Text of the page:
Monday, April 11, 2016

Malaucène, a Gateway to Mont Ventoux

One of the great things about writing a blog is getting comments on the blog or emails from readers with suggestions for villages to visit or restaurants to try. That is why we headed to Malaucène one morning back in February.

Located in the Northern Vaucluse on the edge of the Drôme Provençale, Malaucène is a small typical Provençal village at 1,150 feet elevation on the north slope of Mont Ventoux. Malaucène is one of three villages where you can start an ascent to the top of Mont Ventoux.

We found parking and entered into the historic center of Malaucène through Porte Chaberlin seen below; It is also known as Porte de Roux. Both names come from important families that lived close by.

Porte Chaberlin (exterior side)

The door was built in 1363 and enlarged in 1742. Make sure you take note of the pretty virgin that sits in the nook on the interior side of the door.

Porte Chaberlin (interior side)

The Malaucène fountain seen below has a date of 1783 inscribed in the stone. While I was shooting the picture, a gentleman came out of the house and asked me if I had permission to take a picture of the fountain. I ignored him as I think he was just trying to be difficult.

Malaucène fountain

Malaucène's Medieval old town is quiet but very interesting. You'll find narrow streets, old buildings, ancient doorways, and quite a few old lavoirs and fountains.

Malaucène porte

The old Hotel de Ville seen below was built in 1741. It served as the seat of the mayor of Malaucène until 1966. Check out the magnificent door with the town's coat of arms. It was refurbished in 1995 by a local artisan.

Old Hotel de Ville (Town Hall) of Malaucène

The origin of the name “Malaucène” comes from an Occitan word, malaussena, which describes the sandstone rock of yellowish color which forms the subsoil of Malaucène.

Statue of the Virgin Mary on a Malaucène home

Fountain Picardie seen below was named after a local citizen named Picard. It was built at the end of the 15th century with a lavoir (laundry basin), now gone, and refurbished in 1770.

Fountain Picardie

Malaucène alley and arch entryway into courtyard

There is a Latin inscription, “porticus” (colonnades) on the door into Malaucène seen below which translates into an old Provençal word, “pourtègue.” This ancient local name, which later would be replaced by “soustet” or “saunarie”, indicates the presence of a salt store. The inscription at the bottom of the sign “ubi tenetur curia” (wherein is the court of justice) suggests that in the Middle Ages the court of justice was nearby.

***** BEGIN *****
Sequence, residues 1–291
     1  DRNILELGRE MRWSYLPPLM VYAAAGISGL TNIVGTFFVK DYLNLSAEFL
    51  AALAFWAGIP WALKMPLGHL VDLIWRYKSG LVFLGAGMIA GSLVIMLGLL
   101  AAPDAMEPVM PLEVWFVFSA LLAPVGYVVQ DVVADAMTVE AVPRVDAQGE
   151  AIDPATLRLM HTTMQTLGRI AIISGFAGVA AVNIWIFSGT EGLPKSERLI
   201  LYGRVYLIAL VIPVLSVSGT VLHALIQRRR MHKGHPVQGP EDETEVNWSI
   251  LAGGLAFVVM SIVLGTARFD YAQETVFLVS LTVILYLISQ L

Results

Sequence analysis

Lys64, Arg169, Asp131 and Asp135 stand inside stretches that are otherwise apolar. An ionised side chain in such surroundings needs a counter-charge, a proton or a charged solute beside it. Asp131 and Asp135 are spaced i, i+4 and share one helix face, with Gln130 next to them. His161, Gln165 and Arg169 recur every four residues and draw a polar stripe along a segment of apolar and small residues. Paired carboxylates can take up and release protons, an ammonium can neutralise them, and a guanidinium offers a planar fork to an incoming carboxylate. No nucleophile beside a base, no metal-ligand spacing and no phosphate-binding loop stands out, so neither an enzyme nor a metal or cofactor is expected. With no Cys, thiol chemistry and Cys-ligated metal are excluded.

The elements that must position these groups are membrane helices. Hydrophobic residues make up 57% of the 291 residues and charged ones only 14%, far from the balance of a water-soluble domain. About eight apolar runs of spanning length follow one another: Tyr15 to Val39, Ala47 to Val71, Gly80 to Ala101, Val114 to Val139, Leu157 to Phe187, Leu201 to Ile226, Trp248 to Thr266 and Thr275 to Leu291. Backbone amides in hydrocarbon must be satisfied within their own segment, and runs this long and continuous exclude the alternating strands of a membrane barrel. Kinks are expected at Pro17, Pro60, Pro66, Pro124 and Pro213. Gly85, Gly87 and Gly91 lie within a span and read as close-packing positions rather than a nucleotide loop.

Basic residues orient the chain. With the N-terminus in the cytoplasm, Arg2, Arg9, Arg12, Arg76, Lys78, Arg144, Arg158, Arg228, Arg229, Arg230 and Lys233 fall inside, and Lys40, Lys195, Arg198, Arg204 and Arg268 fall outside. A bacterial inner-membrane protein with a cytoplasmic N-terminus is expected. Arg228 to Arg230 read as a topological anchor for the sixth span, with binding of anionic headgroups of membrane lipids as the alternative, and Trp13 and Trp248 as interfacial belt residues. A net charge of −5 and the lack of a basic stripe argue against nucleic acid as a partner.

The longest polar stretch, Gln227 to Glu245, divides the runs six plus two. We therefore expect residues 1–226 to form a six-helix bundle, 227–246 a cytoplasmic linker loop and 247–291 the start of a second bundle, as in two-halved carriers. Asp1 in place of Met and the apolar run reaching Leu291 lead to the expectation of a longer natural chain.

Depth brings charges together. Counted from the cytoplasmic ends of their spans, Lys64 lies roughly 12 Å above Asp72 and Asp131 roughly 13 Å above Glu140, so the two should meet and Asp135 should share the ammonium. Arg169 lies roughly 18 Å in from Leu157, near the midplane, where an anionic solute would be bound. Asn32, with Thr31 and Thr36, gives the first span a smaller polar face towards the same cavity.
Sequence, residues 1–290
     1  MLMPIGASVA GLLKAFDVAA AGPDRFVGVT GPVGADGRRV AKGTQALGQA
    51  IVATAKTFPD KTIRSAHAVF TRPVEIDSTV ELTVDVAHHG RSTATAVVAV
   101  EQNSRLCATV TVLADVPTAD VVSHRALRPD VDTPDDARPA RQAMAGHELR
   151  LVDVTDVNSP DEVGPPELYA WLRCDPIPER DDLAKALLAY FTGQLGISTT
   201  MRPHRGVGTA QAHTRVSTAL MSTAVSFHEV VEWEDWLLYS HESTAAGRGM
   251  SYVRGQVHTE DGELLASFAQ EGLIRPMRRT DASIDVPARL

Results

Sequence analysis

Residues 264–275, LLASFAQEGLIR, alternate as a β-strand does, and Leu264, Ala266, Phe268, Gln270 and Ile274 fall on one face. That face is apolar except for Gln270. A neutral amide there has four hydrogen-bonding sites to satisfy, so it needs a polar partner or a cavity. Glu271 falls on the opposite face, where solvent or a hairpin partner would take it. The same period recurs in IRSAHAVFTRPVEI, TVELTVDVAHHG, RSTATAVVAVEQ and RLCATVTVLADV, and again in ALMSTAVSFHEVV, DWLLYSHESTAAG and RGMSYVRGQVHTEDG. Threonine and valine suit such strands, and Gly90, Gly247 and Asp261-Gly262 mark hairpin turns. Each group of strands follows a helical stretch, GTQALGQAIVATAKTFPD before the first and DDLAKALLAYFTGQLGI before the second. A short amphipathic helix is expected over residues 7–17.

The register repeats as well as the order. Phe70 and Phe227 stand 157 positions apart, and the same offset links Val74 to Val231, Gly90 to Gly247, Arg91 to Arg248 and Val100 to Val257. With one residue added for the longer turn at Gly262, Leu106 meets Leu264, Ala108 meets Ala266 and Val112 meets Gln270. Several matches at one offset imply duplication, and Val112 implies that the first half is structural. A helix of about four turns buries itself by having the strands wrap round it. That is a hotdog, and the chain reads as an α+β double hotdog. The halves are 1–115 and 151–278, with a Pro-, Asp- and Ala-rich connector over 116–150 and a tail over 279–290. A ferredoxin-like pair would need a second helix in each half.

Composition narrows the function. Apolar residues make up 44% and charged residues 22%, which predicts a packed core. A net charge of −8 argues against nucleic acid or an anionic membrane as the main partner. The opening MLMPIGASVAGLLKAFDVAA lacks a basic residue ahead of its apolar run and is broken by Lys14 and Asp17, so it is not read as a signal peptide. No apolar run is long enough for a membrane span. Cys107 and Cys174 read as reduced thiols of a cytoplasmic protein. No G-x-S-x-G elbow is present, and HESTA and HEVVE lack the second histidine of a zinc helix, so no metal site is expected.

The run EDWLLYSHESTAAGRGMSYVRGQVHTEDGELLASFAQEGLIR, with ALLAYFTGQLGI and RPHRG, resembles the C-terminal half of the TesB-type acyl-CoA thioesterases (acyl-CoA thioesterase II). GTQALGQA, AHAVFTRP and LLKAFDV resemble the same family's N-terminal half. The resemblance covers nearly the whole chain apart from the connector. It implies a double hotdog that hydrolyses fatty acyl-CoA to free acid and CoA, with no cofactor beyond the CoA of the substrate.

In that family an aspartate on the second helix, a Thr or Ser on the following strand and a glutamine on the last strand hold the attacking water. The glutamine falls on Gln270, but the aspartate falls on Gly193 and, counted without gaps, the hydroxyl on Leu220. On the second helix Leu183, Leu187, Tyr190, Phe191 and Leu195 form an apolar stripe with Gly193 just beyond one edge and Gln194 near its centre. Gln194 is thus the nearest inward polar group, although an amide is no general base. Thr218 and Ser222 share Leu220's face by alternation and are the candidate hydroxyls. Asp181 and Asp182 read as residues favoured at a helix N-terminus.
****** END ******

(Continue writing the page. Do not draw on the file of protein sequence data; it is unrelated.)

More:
Porte Saunarie

Malaucène Fountain and Lavoir

Malaucène House

Porte Bechon

Malaucène Mairie (town hall)

The Malaucène belfry was constructed between 1482 and 1532 to serve as a watchtower. The highest part was remodeled in 1762. The face of the clock was changed recently; the original can be seen in the Mairie.

Malaucène belfry

The ancient Porte Soubeyran was once the main entrance into Malaucène.

Porte Soubeyran

The fountain and lavoir seen below can be found near St Michel Church. It dates from 1839.

Fountain and lavoir near Saint Michel's church

In the 14th century, Malaucène housed the summer home of Pope Clément V. In 1309 the Pope built Saint Michel Church seen below. The Church has a fortified aspect and mixes Roman and Gothic styles and at the time was part of the village defensive walls.

Saint Michel Church

Porte Soubeyran and Saint Michel Church

Michael Bastow is an artist born in 1943 who lives and works in the South of France. In 2000 he bought the Saint Alexis Chapel in Malaucène seen below which over the years he has decorated with a series of frescos celebrating the seven ages of woman, work which Françoise Heretier described in an essay as Woman in all her Majesty.

St. Alexis Chapel

Inside Saint Michel Church, you will see its case organ in gilded wood (1639), its sculpted pulpit and its curious stone bench, 137 feet long, they say, the longest in France.

Interior of Saint Michel Church

Saint Michel Church

Saint Michel Church

Malaucène is only 20 kilometers from Sablet, so I am sure we will return as there was more to see than we knew. The Tour de France will be making the ascent to the top of Mont Ventoux on Bastille Day, July 14 this year. I believe this time again, the peloton will start the ascent from Bedoin. But in any case, I hear there are several nice restaurants in Malaucène we need to check out.

Have a great week. Chat soon.

Sunday, March 27, 2016

Some sights of Vaison-la-Romaine and an excellent lunch at Bistro du'O Restaurant